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How pixy's color tracking removes the effects of lighting changes

I’m trying to figure out how the pixy deal with the effects of lighting changing in a scene. And can I interpret the region grow as segmentation using the thresholds? Thanks!

Hello,
“interpret the region grow as segmentation using the thresholds”. I’m not sure what you mean by "region grow and which thresholds you are referring to.

Edward

Thanks for your reply, Firstly I mainly want to know how pixy’s color tracking eliminates the effects of lighting changes. And secondly, pixy using region grow for color target extraction in tracking, so can I understand the region grow as using the parameters ‘u’ and ‘v’ defined in the program as color thresholds for target extraction?

Hello,
Pixy focuses on the hue instead of the brightness of the object. It does this by forming a pure hue in 2 dimensions –
U = (R-G)/Y
V = (B-G)/Y

where R=red, G=green, B=Blue, Y=R+G+B

It then determines what bounds of U and V are associated with a given object.

Since it divides by Y, the brightness is mostly ignored and changes in lighting have less of an effect.

Pixy does not use region growing when tracking/detecting objects.

Hope this helps!

Edward

Thanks!
In the source code,
U = (((R-G)<<15)/Y)
V = (((B-G)<<15)/Y)
Does this mean to increase the (R-G) and (B-G) by 2^15 times and then divides by Y? And are the variable types of U and V int32 or others?

Hello,
I believe you are correct about everything.

Edward

Thanks for your reply!

Hi,
I was also wondering about the effect of lighting. I have noticed that in ccc-mode adjusting the camera brightness does effect the detection of objects.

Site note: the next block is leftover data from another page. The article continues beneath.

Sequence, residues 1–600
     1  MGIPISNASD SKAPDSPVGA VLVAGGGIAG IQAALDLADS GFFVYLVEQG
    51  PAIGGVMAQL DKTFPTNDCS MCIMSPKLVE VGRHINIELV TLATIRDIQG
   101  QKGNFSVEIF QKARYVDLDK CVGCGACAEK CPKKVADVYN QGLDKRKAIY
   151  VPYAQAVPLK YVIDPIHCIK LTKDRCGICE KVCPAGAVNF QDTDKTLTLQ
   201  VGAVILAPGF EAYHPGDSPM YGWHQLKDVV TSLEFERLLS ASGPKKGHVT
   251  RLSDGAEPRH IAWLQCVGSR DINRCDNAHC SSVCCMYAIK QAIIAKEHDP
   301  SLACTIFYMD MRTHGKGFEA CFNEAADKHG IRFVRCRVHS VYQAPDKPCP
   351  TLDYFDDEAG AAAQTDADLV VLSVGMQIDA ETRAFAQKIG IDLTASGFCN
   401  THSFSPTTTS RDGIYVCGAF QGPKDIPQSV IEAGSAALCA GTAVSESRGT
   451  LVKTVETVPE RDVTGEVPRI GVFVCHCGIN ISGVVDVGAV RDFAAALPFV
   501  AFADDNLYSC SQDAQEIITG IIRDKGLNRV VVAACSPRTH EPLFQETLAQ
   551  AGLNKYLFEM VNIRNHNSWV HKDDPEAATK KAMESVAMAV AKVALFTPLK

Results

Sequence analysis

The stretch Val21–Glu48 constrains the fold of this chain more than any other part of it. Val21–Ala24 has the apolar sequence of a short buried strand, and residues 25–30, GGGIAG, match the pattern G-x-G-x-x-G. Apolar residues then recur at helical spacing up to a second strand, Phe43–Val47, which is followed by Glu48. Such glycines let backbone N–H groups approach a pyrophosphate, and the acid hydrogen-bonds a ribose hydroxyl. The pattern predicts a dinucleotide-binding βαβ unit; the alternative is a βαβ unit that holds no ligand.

I also noticed that the FPS is reduced with less light. I connected Pixy2 to an Arduino and want to have optimum detection performance. Therefor whenever the FPS is less than 50 I increase camera brightness. However, I have no indication when the image is overexposed. What is the best brightness level? And is there a way to control it via camera brightness?
Thnx, Sydney

Hello,
Yes, under and overexposure of pixels negatively affects the detection of objects.

In general, the autoexposure algorithm will increase the shutter time to increase the brightness. This will create the best image. It may reduce the framerate, depending on your “Min frames per second” setting:

https://docs.pixycam.com/wiki/doku.php?id=wiki:v2:pixymon_index#camera-tab

It will not reduce the frames per second below this setting, however.

The best brightness level sometimes depends on the objects you are detecting. If they tend to be darker objects, setting the brightness higher will help and vice versa.

Hopefully that helps answer your questions.

Edward

Hi Edward,
I do not understand the above statement.
Suppose the light increases. I suppose that the R, G and B values also increase. The U & V values therefor decrease in triple, because the top value will not increase (the difference will be approx be the same) and the division (Y=R+G+B) will increase 3 times…
Where does my logic fault? And more importantly how can I compensate for this?

Regards, Sydney

Hi Sydney,
Let me try to explain this way –

Color of an object = some combination of R, G, B -- let's call it Ro, Go, Bo
Color of object in brighter lighting = a*Ro, a*Go, a*Bo (where a is some number > 1)

You can see how the “a” term falls out of the U, V expressions. This is how brightness is discounted inside Pixy.

Things can go wrong where either R, G, or B are saturated – when any channel hits 255. When this happens, the hue will change as the object gets brighter. The same thing happens when any channel hits 0 in low-lighting situations.

Hope this helps :slight_smile:
Edward

Hi Edward,

I get it. That’s the fault in my logic.

I am trying to get an optimum brightness in all sorts of lighting.
So, basically, the saturation of a channel is the indication I am looking for. If a channel is saturated (ie 255) I should reduce the camera brightness. When the FPS is less than 60 I should increase camera brightness. (I will not wait until one channel is 0.) This way I get the optimum. I will set up a test.

Thanks, this does help!
Kind regards, Sydney

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